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Urgent investigation needed as fighting takes heavy toll on civilians in Las Anod, Somaliland

Amnesty International has called for an urgent investigation into the heavy toll on civilians amid the ongoing conflict between Somaliland security forces and armed fighters affiliated with the Dhulbahante clan in Las Anod. More than 100 people have been killed, and over 600 injured, including dozens of civilians, as Somaliland security forces indiscriminately shelled the town, damaging hospitals, schools, and mosques. Tens of thousands of people have been displaced as a result.

Tigere Chagutah, Amnesty International’s Regional Director for East and Southern Africa, urged all parties to the conflict in Las Anod to end indiscriminate attacks, protect civilians, and respect international humanitarian law. He stressed the importance of an independent investigation into all human rights and humanitarian law violations, as well as ensuring accountability and reparation for victims.

Amnesty International interviewed 37 people in Las Anod from 6 February to 6 March, including victims, witnesses, doctors, and humanitarian workers. The organization also analyzed casualty numbers from local hospitals, media reports, and information from NGOs and the Somaliland government.

Since the beginning of February 2023, AOAV has recorded 15 incidents of explosive weapon use in Las Anod, resulting in at least 756 civilian casualties, including 148 deaths and 608 injuries. This accounts for 98% of all civilians reported harmed in Somaliland since 2010, as recorded by AOAV – derived from reputable English language media sources.

Amnesty’s report confirms that civilians, including women, children, older people with health conditions, and healthcare workers, have been killed during indiscriminate attacks involving rockets, mortars, and other explosive weapons. Many of these unguided explosive weapons, such as the 107mm rockets, are too imprecise to distinguish between military objectives and civilians in dense urban settings, violating international humanitarian law’s prohibition of indiscriminate attacks.

Witnesses reported significant damage to civilian buildings, including homes, mosques, schools, and hospitals, due to indiscriminate attacks allegedly carried out by Somaliland forces. Amnesty International compared and analyzed satellite imagery of Las Anod before and after the attacks, identifying over 30 visibly damaged structures, including Las Anod general hospital and several homes.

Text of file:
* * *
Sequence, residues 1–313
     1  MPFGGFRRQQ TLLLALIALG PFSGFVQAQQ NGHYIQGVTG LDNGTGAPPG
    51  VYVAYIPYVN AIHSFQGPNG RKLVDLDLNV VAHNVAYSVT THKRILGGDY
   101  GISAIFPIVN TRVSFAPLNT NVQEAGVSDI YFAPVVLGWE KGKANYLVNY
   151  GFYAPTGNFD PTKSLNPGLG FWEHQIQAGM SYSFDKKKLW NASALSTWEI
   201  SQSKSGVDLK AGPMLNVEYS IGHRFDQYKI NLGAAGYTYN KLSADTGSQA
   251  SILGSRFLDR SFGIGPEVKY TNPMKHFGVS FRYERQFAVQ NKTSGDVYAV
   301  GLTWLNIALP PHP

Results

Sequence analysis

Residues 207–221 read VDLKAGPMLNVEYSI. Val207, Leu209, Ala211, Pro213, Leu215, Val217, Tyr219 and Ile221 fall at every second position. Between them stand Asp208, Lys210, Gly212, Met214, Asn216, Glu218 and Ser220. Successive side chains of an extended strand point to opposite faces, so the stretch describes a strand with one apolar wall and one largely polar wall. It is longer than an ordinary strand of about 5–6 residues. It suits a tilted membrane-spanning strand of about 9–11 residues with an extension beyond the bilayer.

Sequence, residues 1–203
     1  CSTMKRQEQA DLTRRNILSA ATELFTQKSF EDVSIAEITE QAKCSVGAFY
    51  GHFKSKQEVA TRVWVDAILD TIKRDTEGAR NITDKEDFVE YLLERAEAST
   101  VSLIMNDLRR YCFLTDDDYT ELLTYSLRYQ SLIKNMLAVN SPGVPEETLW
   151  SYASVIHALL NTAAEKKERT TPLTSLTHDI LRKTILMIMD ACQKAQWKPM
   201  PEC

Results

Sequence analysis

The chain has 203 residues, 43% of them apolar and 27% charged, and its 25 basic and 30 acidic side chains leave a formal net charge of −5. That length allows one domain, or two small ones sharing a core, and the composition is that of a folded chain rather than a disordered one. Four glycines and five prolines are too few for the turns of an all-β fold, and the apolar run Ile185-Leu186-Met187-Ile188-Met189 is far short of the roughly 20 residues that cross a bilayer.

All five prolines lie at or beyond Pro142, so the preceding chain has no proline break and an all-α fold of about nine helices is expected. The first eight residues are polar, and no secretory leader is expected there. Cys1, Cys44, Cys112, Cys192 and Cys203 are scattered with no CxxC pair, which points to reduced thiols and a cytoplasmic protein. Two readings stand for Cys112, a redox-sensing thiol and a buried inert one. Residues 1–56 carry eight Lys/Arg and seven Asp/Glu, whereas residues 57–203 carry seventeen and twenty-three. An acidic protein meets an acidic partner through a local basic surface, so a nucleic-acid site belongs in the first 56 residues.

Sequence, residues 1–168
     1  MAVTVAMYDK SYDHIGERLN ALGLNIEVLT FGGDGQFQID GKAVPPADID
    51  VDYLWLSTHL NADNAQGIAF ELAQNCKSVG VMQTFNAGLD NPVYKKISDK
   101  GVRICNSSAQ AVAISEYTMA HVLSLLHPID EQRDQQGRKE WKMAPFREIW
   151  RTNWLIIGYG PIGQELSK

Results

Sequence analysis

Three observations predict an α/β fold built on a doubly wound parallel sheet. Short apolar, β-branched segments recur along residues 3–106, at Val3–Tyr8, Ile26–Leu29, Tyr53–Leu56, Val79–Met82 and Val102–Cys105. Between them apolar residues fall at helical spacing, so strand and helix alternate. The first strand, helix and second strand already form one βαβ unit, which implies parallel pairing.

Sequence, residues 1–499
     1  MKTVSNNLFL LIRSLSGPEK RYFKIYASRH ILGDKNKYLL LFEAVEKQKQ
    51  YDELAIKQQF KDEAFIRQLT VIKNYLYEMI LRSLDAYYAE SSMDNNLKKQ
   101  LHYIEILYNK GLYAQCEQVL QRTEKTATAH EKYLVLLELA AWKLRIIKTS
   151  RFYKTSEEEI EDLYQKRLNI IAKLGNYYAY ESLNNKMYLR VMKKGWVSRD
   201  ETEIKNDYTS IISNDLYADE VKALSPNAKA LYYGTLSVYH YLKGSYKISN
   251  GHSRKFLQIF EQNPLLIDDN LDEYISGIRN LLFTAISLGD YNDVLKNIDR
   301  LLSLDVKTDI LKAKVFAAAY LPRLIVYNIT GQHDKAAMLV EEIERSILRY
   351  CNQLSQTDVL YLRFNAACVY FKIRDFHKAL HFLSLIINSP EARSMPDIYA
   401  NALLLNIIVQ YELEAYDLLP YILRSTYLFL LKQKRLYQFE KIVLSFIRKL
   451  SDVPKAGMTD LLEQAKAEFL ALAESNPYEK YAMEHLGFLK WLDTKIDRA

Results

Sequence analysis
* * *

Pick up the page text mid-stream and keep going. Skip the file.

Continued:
As a result of the fighting, humanitarian groups estimate that between 154,000 to 203,000 people have been displaced, with the worst affected being women, children, and older people. These displaced communities are living in dire conditions with inadequate housing, scarce medical supplies, and movement restrictions for safety reasons.

The ongoing conflict has also exacerbated an existing humanitarian crisis, as about 214,000 people in the Sool region are experiencing crisis or acute food insecurity due to severe drought. Tigere Chagutah called on all parties to facilitate humanitarian organizations’ unfettered access to civilians in need of assistance in Las Anod and other affected areas.

While Somaliland authorities claim commitment to providing basic necessities, including food, water, and medical equipment, to the people of Las Anod in coordination with local and international humanitarian organizations, humanitarian access remains a significant challenge due to widespread violence and some restrictions from authorities.

Somaliland, located in northwestern Somalia, declared its independence in 1991 but has not been formally recognized by any country. Las Anod, the capital of the disputed Sool region, is largely inhabited by the Dhulbahante clan and has been under Somaliland’s control since 2007. The Dhulbahante have expressed grievances against the Somaliland authorities, including allegations of targeted assassinations, marginalization, and an “economic embargo” on their region.

The recent conflict in Las Anod began on 6 February, following a declaration by Dhulbahante clan elders that they are not part of Somaliland’s administration. This escalation has further intensified the suffering of civilians in the region, emphasising the need for a swift and thorough investigation into the human rights and humanitarian law violations that have occurred.